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Casey, Josipa
English Teacher
Khan, Jasminda
Counselor (M-R, Pre IB / IB)
Udeshi, Jinasha
Science Teacher / IB Coordinator

Theory of Knowledge Locker

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TOK

Theory of Knowledge (TOK)

TOK plays a special role in the Diploma Programme by providing an opportunity for students to reflect on the nature of knowledge, and on how we know what we claim to know.

The fundamental question of TOK is “how do we know that?” Students are encouraged to think about how knowledge is arrived at in different disciplines, what the disciplines have in common and the differences between the disciplinary. TOK therefore both supports and is supported by the study of other DP subjects, as students are required to explore knowledge questions against the backdrop of their experiences in their other DP subjects. Discussion and critical reflection form the backbone of the TOK course, centring around discussions of questions such as:

  • what counts as evidence for X?
  • what makes a good explanation in subject Y?
  • how do we judge which is the best model of Z?
  • how can we be sure of W?
  • what does theory T mean in the real world?
  • how do we know whether it is right to do S?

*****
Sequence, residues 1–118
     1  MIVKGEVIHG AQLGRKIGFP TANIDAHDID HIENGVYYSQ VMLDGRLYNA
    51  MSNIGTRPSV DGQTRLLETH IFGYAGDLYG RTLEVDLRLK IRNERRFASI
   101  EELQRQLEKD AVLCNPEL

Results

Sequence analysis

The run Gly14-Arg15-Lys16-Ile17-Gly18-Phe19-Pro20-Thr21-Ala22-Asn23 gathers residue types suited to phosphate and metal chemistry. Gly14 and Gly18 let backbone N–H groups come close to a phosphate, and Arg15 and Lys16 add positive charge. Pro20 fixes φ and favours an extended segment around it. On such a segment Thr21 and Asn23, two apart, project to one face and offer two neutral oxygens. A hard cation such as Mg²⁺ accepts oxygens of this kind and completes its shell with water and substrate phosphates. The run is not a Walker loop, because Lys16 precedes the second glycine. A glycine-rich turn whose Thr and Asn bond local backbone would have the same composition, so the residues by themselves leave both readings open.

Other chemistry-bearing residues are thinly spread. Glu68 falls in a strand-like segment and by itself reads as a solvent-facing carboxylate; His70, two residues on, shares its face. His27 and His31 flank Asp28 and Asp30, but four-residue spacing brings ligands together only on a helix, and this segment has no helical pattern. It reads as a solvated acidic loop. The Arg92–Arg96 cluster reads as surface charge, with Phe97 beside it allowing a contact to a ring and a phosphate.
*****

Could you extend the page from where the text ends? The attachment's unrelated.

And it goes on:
Through discussions of these types of questions students gain greater awareness of their personal and ideological assumptions, as well as developing an appreciation of the diversity and richness of cultural perspectives. The TOK course is assessed through an oral presentation and a 1600 word essay. The TOK presentation assesses the ability of the student to apply TOK thinking to a real-life situation, while the TOK essay takes a more conceptual starting point; for example asking students to discuss the claim that the methodologies used to produce knowledge depend on the use to which that knowledge will be used.

TOK is a demanding and challenging course, but one which plays a crucial role in effectively preparing students for the complex and rapidly changing world they will encounter both during their DP experience and beyond.

Importance of TOK

The theory of knowledge (TOK) requirement is central to the educational philosophy of the Diploma Programme.

It offers students and their teachers the opportunity to:

  • reflect critically on diverse ways of knowing and on areas of knowledge
  • consider the role and nature of knowledge in their own culture, in the cultures of others and in the wider world.

 

In addition, it prompts students to:

  • be aware of themselves as thinkers, encouraging them to become more acquainted with the complexity of knowledge
  • recognize the need to act responsibly in an increasingly interconnected but uncertain world.

 

As a thoughtful and purposeful inquiry into different ways of knowing, and into different kinds of knowledge, TOK is composed almost entirely of questions. The most central of these is "How do we know?"

It is a stated aim of TOK that students should become aware of the interpretative nature of knowledge, including personal ideological biases, regardless of whether, ultimately, these biases are retained, revised or rejected.

TOK also has an important role to play in providing coherence for the student as it transcends and links academic subject areas, thus demonstrating the ways in which they can apply their knowledge with greater awareness and credibility.